Malolactic fermentation is an integrated part of winemaking which cannot be ignored. It can however be beneficial or detrimental and it is important that winemakers are well informed about it in order to make the right decisions. The execution of the decisions is also important to ensure that the required results are obtained in the wines.
Three different MLF genera, Oenococcus, Pediococcus and Lactobacillus, can convert the malic acid in wine into lactic acid. Only one Oenococcus species, but different Pediococcusand Lactobacillus species occur. Oenococcus oeni usually dominates because it has a higher resistance against the conditions occurring in wine. It is also the most desirable bacteria for MLF in wine because it can develop pleasant characteristics in wine while other species can cause spoilage like mousiness, sweaty and sauerkraut characters.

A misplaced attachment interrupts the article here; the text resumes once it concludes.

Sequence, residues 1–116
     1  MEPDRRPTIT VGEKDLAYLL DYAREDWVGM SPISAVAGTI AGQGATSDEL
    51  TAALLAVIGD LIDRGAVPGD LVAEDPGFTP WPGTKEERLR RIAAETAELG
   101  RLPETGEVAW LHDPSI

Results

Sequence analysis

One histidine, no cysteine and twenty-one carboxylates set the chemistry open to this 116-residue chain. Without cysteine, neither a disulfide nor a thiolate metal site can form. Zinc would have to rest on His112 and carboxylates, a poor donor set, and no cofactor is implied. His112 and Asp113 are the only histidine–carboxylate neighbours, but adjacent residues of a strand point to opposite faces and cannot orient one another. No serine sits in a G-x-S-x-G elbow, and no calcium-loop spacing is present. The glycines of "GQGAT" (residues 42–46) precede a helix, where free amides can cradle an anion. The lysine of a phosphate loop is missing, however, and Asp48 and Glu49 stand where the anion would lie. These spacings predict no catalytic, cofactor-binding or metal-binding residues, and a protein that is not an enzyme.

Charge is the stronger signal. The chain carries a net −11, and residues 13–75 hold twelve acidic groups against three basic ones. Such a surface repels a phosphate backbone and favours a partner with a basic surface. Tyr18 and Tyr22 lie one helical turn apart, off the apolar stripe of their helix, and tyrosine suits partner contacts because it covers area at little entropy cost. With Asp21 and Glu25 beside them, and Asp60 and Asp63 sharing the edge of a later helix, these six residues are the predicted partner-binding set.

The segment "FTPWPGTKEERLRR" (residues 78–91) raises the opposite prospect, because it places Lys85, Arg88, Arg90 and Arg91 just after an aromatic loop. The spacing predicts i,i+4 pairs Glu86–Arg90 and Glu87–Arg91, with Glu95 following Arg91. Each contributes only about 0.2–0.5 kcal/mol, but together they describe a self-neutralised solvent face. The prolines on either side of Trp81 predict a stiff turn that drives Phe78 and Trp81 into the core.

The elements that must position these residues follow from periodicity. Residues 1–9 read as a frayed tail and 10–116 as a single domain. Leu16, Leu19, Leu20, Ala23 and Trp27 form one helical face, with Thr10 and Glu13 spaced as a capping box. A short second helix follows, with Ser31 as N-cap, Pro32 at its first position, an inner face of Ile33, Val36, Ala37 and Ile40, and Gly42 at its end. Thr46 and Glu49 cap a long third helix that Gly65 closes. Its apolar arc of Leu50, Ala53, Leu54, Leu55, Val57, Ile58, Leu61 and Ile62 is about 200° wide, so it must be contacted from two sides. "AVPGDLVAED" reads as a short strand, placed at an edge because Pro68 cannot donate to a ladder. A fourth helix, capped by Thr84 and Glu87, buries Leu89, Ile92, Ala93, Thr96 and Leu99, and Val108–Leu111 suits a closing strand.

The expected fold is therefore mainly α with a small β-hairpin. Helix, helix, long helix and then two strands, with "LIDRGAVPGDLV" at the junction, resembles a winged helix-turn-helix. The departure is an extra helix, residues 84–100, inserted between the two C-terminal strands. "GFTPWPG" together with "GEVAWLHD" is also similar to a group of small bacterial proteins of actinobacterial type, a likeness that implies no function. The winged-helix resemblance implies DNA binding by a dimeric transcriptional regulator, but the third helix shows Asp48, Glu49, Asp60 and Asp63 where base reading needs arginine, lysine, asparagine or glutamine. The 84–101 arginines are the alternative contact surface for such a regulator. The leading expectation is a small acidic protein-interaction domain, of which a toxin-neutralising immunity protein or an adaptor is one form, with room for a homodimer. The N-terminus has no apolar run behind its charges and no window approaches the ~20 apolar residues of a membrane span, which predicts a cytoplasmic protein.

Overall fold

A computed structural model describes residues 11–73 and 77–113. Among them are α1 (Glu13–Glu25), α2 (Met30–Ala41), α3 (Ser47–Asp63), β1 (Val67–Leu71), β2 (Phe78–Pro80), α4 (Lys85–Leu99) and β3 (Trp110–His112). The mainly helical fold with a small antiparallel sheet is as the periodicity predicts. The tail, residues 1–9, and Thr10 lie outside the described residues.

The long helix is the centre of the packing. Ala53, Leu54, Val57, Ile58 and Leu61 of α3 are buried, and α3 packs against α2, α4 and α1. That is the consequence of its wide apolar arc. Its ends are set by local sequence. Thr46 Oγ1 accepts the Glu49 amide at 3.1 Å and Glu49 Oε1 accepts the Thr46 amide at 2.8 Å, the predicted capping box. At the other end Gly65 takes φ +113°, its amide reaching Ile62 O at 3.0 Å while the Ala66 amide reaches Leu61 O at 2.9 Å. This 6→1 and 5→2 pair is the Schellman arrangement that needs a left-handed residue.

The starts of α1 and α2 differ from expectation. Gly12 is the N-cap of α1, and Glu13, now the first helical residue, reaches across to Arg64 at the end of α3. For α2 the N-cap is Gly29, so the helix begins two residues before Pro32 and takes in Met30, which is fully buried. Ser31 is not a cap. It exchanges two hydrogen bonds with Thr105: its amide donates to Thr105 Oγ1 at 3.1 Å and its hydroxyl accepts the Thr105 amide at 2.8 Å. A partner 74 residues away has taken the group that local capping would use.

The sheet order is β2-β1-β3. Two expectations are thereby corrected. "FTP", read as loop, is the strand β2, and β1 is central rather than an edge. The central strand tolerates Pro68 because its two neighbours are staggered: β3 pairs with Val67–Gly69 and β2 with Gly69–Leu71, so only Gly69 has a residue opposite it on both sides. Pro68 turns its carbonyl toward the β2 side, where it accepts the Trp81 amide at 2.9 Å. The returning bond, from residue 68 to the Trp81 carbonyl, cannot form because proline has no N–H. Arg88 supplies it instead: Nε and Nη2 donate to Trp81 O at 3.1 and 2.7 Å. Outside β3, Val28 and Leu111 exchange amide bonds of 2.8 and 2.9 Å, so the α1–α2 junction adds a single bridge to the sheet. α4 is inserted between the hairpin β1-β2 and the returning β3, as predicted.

The end result of MLF is the decrease of the fixed acid concentration and increase in pH of the wine. The pH can increase with 0.3 or more units. The pH increase can however create favourable conditions for undesirable malolactic bacteria. Desirable MLF is usually acceptable in cool regions with a high fixed acid concentration to create a better balance in wines. Seeing that nutrients in the wine are also utilised during the process, such wines will be more stable against potential spoilage bacteria. It is not only as result of the utilisation of the nutrients, but also possibly due to the formation of toxins by the lactic acid, which can inhibit the growth of the spoilage bacteria. As result of the formation of other compounds during MLF the flavour profile and mouth feel of wines can also change. Diacetyl, which exhibits a buttery character, is an important compound formed during MLF. Its formation is influenced by the bacteria species, inoculation concentration of the MLF pure cultures, duration of the MLF, temperature, oxygen, pH and yeast lees contact. Ester compounds which can influence the wine flavour positively can also be formed during MLF.